After our tasting’s it was time for something to eat. While at Burrowing Owl, it was recommended to us to check out Platinum Bench winery’s fresh baked artisan bread.

As soon as you walk in the front door two things happen. One is you are instantly greeted by Wally, the winery greeter. Wally is a one of a kind greeter, with four legs, a wet nose and excitedly wagging tail.

The second thing that happens is you become aware of the delicious aroma of fresh baked bread. In addition to their award-winning wines, Platinum Bench has recently expanded to included artisan bread baked right on site by winery co-owner Fiona Duncan.

We grabbed a couple loaves of bread, an Asiago Cheese, a Gorgonzola & Fig, and some salami and took a seat out the deck outside. Both loaves were amazing, served warm, the crust was had a slightly chewy and crispy texture, while the inside was so soft and light. The view from the deck was breathtaking and I could have stayed there all day.

Stoneboat Vineyards

Stoneboat Vineyards

Stoneboat was recommended to me because of its focus on the Pinot grapes. Being the big fan of Pinot Noir that I am, this was a winery that I simply had to check out.

The winery is named after a “stone boat”, a flat sled that was originally used to carry stones. The name Stone Boat was chosen as a tribute to the individuals who originally worked to clear the vineyard of rocks in order to plant the vines.

The soil on all three of the vineyards that make up Stoneboat all tend to be quite rocky and calcareous, similar to the soil found in Burgundy, France, another well know Pinot region. The rocks found in the vineyard are put to good use, piled underneath of the vines they absorb the heat of the sun during the day and radiate that heat towards the vines during the cooler evenings.

We started our tasting with the Rose Brut, which was stunning. Bright, crisp, not overly sweet with a beautiful cherry aroma. We tasted a couple of the whites available, but what I really was excited for was the Pinot Noir. They were pouring their 2013 Pinot Noir, and I couldn’t wait to try it.

This was a very well structured wine, not your typical light styled body, it had actually had some weight to it. It has a slight acidity to it which I wasn’t expecting but found quite refreshing. A definite earthy aroma along with fresh flowers and cherry and intense flavours of strawberry and raspberry.

Stoneboat Pinot Noir

It was interesting to note that I was reading reviews online of Stoneboat’s Pinot Noir and a number of reviewers noted a mushroom or truffle flavour in the wine. I didn’t note that in the flavour of the wine but definitely found earthy notes in the aroma. I can’t wait to try this wine again in several years to see how the flavour profile has evolved.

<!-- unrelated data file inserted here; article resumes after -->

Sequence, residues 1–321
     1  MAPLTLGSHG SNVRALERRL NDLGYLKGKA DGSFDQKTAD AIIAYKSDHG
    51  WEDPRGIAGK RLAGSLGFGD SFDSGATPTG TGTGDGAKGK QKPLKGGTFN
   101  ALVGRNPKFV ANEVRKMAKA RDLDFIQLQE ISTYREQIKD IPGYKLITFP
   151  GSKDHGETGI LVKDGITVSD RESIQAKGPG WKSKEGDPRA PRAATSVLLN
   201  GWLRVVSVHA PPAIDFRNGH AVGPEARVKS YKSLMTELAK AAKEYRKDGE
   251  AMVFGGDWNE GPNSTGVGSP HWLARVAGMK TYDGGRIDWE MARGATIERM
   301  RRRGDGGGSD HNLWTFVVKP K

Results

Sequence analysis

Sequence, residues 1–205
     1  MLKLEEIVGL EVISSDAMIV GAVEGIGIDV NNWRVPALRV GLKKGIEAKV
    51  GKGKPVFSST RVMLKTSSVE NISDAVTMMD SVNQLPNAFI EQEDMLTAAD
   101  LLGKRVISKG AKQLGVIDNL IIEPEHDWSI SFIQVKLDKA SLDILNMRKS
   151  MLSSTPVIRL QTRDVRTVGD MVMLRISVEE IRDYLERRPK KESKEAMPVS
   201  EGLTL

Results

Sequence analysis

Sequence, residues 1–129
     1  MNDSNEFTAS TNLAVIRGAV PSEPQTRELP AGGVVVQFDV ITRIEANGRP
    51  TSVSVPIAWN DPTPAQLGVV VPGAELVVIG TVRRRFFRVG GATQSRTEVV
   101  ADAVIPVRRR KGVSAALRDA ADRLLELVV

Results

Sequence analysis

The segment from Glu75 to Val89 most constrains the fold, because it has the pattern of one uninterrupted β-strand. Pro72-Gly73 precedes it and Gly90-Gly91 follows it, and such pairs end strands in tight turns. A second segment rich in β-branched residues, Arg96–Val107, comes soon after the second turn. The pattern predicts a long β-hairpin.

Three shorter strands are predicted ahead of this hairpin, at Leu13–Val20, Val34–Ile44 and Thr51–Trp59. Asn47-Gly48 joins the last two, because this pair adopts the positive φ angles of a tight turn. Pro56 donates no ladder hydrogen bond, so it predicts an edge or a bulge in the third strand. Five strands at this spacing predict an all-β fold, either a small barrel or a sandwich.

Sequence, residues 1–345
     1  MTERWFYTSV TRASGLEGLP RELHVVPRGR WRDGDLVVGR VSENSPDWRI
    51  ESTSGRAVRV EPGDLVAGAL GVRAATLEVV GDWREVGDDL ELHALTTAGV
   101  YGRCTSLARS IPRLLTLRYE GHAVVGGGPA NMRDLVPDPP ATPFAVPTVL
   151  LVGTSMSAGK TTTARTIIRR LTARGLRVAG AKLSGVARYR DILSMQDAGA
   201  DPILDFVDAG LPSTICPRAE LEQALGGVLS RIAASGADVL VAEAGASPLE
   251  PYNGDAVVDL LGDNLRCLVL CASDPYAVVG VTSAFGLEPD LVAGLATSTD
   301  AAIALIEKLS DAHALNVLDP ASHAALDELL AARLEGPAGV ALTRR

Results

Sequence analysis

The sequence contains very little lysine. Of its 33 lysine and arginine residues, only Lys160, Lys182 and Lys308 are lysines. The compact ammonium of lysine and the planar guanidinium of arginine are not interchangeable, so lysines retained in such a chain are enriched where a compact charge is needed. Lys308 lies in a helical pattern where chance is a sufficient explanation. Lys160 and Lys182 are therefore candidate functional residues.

Le Vieux Pin

Le Vieux Pin

Our last stop of the day was at Le Vieux Pin, sort of a newcomer to the region. The wineries name, translated as the “The Old Pine”, is derived from a single pine tree that sits out amongst the vines. It’s really quite a site to see, this single solitary pine tree seemingly rising up out of the vines.

Le Vieux Pin itself is a sister winery to La Stella, which is located further south in the valley down towards Osoyoos. At Le Vieux Pin, their focus is using traditional French winemaking traditions to produce wines that are in their words…”elegant and focused, with great intensity of fruit”.

For our tasting, we started off with the 2015 ‘Ava’, a blend of Viognier, Marsanne, & Roussane. A real nice acidic wine, with big fruit flavors such as peaches, nectarines, and melon rind. However, there was a lingering note of honey that provided just twinge of sweetness that seemed out of place. Up next was the 2015 Sauvignon Blanc, with notes of pineapple, kiwi, and tropical flowers. Very well structured, a balanced body with very little sweetness but great acidity gave this a real crispness and tartness to the wine.

From there we moved on to the Syrah. Unfortunately, my notetaking took a bit of a hit at this point and the only notes I had for this part of the tasting was for the 2009 Syrah. Which after tasting the wine I wasn’t all the upset about.

Le Vieux Pin Wines

This was deeply elegant, a smooth almost silky body, with just a slight tannic bite to it. One the nose ripe red fruit aromas coupled with savoury herbs, and bell pepper. On the tongue, there was a real bite of black pepper, but also black cherry, blueberry, and just a slight hint of minerality to it. This was a wine you could drink now but would only get better if you were to cellar for other 5-6 years.

End of the Day!

By this point we just about ready to call it a day. We had been to 4 wineries and tasted quite a bit of wine in that time. I had a cooler full of purchases I was eager to get home and put away, so we packed it in and headed back to Penticton.

In terms of exploring the Black Sage Bench and Oliver, we only scratched the surface. Given the number of wineries in the area, you could easily spend 3-4 days just visiting winery after winery.

The one common thing I took away from our tasting is that this area likes it big bold reds and high-intensity whites. When you read about the area and it talks about the Bourdeaux blends you really see what’s referring to.

Don’t get me wrong I’m not complaining, we tasted some absolutely fantastic wine, met some great people and took home some lasting memories.

Cheers,

LB